The Election Commission has sought views of political parties by Feb 7 on its draft guidelines on election manifestos which suggest parties only make promises which can be fulfilled and narrate “ways and means” to meet financial requirements of poll sops.
In a letter to chiefs of all national and state political parties Saturday, the poll panel said they should reflect their views on the draft guidelines by Feb 7 after which it will finalise them and incorporate in the model code of conduct “in all future elections.”
The guidelines, expected to be in force for the Lok Sabha elections expected to take place in April-May, were sent to political parties Friday. They say that the manifestos should reflect the rationale of poll promises and parties should not to make promises which exert undue influence on voters.
“In the interest of transparency, level playing field and credibility of promises, it is expected that manifestos also reflect the rationale for the promises and the ways and means to meet the financial requirements for it.
“Trust of voters should be sought only on those promises which are possible to be fulfilled,” say the poll panel guidelines.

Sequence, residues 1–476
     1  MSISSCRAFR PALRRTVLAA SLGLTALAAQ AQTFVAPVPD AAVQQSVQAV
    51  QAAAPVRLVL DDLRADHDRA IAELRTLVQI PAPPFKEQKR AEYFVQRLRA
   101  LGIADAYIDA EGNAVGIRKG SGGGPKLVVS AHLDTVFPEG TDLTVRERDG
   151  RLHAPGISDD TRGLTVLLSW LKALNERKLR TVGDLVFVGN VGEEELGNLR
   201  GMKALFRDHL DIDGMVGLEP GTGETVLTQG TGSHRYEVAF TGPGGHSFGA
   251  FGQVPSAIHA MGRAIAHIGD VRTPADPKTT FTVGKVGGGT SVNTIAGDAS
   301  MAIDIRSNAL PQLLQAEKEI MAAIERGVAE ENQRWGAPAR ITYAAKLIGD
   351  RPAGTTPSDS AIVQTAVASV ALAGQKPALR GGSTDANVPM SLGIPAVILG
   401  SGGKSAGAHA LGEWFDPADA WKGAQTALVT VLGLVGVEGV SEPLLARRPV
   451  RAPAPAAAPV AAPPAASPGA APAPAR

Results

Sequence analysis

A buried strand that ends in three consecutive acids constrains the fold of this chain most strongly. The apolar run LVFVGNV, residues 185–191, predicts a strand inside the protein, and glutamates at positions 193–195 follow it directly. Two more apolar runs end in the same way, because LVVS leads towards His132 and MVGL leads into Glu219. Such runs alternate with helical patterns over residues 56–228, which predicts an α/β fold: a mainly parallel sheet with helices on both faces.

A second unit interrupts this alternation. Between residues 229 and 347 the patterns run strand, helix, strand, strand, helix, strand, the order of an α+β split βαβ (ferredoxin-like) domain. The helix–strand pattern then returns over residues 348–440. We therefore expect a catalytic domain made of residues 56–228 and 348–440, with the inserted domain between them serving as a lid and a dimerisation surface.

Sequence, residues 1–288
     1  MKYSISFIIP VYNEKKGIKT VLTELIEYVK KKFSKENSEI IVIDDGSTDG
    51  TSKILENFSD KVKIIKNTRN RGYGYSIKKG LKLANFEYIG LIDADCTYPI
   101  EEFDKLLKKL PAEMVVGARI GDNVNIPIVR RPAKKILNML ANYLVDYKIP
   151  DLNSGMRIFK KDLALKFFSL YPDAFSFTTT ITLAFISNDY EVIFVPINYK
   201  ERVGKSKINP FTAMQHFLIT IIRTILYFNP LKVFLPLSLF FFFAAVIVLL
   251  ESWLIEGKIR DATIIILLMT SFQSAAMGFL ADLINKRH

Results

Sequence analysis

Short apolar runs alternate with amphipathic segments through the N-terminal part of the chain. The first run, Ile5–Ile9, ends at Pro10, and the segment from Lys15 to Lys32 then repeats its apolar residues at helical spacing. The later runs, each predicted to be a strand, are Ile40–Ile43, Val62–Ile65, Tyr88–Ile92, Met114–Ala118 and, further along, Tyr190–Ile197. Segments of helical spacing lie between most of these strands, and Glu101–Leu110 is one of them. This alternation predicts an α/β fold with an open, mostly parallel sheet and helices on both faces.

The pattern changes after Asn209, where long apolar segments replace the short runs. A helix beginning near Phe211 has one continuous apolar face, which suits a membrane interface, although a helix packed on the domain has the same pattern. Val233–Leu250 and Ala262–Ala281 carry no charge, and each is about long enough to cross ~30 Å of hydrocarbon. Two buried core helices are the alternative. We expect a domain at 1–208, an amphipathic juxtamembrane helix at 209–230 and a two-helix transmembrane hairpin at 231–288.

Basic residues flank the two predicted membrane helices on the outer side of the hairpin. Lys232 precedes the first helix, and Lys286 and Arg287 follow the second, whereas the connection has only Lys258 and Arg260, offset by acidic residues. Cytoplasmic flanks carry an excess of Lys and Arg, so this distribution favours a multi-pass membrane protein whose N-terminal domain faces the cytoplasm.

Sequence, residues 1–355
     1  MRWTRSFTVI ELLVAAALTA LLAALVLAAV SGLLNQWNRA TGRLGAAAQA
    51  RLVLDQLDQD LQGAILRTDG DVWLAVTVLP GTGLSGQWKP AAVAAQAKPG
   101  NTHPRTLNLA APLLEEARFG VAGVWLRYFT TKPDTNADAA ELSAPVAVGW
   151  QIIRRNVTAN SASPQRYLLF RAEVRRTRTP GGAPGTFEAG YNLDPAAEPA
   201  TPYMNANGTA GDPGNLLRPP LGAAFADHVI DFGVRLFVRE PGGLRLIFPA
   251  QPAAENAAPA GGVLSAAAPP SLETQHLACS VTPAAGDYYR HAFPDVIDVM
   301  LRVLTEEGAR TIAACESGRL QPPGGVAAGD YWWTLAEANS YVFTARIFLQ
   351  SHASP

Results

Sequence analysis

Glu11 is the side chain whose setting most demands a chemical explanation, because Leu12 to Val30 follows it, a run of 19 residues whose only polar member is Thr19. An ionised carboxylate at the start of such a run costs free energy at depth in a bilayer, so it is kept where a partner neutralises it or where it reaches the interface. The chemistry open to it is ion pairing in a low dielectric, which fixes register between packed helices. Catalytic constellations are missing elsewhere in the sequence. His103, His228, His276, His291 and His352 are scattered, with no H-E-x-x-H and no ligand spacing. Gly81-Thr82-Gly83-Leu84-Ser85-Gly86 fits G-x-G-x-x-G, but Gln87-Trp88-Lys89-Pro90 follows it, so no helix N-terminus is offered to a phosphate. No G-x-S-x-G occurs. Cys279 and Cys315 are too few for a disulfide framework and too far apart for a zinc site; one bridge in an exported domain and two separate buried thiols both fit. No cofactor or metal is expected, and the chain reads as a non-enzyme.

“The election manifesto shall not contain anything repugnant to the ideals and principles enshrined in the constitution and further that it shall be consistent with the letter and spirit of other provisions of the model code of conduct,” it added.
The poll panel said that directive principles of state policy enshrined in the constitution enjoin upon states to frame various welfare measures for citizens and there can be no objection to the promise of such measures in election manifestos.
“However, the political parties should avoid making those promises which were likely to vitiate the purity of the election process,”it said.
The poll panel had held a meeting in August last year to consult political parties on the issue of framing guidelines for election manifestos.
The Supreme Court had in July last year directed the poll panel to frame guidelines about content of the manifestos in consultation with political parties.
The court had said in its judgment that although the promises in election manifesto could not be construed as a “corrupt practice” under section 123 of the Representation of the People Act, “the reality cannot be ruled out that distribution of freebies of any kind, undoubtedly, influences all people. It shakes the root of free and fair elections to a large degree”.
During consultations by the poll panel, some political parties supported the need for guidelines while others were of the view that it was their right towards voters to make such offers and promises in a health democracy.
“While the commission agrees in principle with the point of view that framing of manifestos is the right of the political parties, it cannot overlook the undesirable impact of some of the promises and offers on the conduct of free and fair elections and maintaining level playing field for all political parties and candidates,” the poll panel said in its guidelines.